The Public Readiness and Emergency Preparedness Act (PREPA), passed by the United States Congress and signed into law in December, 2005, is a controversial tort liability shield intended to protect vaccine manufacturers from financial risk in the event of a declared public health emergency. The Act does not specify any criteria for determining the existence of an emergency. PREPA removes the right to a jury trial for persons injured by a covered vaccine, unless a plaintiff can provide clear evidence of willful misconduct that resulted in death or serious physical injury. A notice was issued regarding Potential Eligibility for Compensation in December 2007, but it applies only to avian flu vaccine, and has not been funded.
CDC has asked its Advisory Committee on Immunization Practices to vote on recommending anthrax vaccine for civilian first responders (up to three million people) on October 22, 2008. The vaccine has only been used by the Defense Department in the past, under a mandatory and controversial program. DHHS announced another purchase of 14 million doses of anthrax vaccine on October 1, 2008, in addition to approximately 25 million doses already stockpiled.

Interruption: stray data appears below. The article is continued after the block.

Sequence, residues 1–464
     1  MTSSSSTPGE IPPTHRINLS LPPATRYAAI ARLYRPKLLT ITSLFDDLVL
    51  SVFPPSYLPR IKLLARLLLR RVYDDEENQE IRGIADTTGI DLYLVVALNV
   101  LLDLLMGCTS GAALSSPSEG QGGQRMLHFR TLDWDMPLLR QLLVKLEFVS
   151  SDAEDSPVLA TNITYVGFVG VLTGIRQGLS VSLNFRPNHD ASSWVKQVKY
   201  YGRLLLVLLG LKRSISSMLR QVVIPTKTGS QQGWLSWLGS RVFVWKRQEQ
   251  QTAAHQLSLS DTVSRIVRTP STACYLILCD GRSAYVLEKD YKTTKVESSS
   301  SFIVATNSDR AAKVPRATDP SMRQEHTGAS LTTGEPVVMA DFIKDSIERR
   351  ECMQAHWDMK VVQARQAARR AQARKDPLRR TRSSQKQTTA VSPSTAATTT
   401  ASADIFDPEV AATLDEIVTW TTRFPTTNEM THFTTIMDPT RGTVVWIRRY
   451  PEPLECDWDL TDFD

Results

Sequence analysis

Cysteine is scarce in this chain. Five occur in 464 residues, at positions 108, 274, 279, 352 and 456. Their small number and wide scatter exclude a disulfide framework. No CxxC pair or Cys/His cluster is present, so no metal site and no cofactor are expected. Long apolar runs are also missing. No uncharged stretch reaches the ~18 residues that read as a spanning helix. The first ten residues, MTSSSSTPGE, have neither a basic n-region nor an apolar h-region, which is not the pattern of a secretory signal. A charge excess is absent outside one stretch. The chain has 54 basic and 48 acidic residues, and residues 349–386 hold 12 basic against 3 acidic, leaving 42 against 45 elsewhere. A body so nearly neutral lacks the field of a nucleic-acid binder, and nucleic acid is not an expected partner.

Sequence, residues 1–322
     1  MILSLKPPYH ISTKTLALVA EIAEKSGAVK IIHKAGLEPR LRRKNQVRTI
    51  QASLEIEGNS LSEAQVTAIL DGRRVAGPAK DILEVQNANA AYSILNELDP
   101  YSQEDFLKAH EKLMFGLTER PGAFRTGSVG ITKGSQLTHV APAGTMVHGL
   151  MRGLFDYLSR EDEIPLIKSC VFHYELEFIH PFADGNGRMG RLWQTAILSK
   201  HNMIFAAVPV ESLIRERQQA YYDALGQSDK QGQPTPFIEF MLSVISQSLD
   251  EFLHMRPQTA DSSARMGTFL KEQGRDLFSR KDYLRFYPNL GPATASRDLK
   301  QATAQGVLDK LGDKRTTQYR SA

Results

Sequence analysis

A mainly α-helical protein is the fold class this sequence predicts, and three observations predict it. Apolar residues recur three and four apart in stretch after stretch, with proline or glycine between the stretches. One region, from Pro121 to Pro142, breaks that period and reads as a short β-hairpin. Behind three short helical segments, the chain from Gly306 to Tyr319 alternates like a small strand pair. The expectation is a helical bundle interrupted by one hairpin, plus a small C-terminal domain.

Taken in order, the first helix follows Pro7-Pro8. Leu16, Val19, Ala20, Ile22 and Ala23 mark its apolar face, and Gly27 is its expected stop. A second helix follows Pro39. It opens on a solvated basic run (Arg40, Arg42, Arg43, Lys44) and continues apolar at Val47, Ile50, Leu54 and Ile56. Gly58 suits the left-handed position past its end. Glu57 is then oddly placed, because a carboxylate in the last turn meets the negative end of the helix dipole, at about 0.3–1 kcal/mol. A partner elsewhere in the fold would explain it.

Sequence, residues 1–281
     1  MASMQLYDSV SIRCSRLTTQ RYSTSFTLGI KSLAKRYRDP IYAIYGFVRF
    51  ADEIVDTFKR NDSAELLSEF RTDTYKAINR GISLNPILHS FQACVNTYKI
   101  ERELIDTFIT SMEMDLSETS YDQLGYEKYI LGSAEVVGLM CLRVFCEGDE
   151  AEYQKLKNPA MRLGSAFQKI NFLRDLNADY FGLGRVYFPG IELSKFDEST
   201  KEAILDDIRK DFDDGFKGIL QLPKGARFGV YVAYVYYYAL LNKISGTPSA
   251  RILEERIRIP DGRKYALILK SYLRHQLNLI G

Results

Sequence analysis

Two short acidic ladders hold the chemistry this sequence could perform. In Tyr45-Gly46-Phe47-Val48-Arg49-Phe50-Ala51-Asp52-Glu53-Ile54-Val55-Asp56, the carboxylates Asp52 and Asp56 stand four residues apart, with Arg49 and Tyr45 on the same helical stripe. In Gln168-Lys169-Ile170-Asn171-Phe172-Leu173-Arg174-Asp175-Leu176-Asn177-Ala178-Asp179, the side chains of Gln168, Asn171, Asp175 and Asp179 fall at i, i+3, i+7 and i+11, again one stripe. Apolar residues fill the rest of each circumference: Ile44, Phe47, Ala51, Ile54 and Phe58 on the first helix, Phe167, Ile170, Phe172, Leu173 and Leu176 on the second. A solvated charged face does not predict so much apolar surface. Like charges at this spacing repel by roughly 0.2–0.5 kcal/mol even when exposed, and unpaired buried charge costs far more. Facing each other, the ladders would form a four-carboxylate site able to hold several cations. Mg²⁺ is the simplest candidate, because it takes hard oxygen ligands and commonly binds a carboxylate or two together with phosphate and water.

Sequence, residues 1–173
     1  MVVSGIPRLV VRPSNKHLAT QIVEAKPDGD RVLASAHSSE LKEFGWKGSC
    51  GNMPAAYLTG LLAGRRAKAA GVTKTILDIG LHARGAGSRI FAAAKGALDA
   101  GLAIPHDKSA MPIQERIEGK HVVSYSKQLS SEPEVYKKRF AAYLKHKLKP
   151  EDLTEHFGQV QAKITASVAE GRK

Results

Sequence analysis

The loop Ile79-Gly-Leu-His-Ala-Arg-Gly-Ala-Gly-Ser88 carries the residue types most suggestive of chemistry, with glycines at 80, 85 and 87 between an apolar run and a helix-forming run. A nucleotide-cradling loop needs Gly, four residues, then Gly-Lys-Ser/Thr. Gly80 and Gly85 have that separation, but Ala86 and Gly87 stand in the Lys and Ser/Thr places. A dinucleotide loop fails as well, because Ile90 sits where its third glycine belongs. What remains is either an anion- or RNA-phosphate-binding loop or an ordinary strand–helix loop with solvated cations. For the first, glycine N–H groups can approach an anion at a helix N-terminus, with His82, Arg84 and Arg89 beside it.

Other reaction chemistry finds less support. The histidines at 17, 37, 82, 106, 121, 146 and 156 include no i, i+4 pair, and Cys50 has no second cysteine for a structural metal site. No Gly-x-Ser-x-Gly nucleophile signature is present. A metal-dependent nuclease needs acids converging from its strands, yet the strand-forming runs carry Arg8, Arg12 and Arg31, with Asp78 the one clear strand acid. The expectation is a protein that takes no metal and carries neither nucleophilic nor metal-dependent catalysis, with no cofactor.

DHHS issued a Declaration under the Public Readiness and Emergency Preparedness Act on October 1, 2008, declaring a public health emergency for anthrax. No discussion of why there is an emergency was provided. Not only did the declaration shield anthrax vaccine manufacturers and doctors who use the vaccine from liability for injuries that might arise: the declaration explicitly shielded "government program planners" who might recommend anthrax vaccine or other anthrax countermeasures.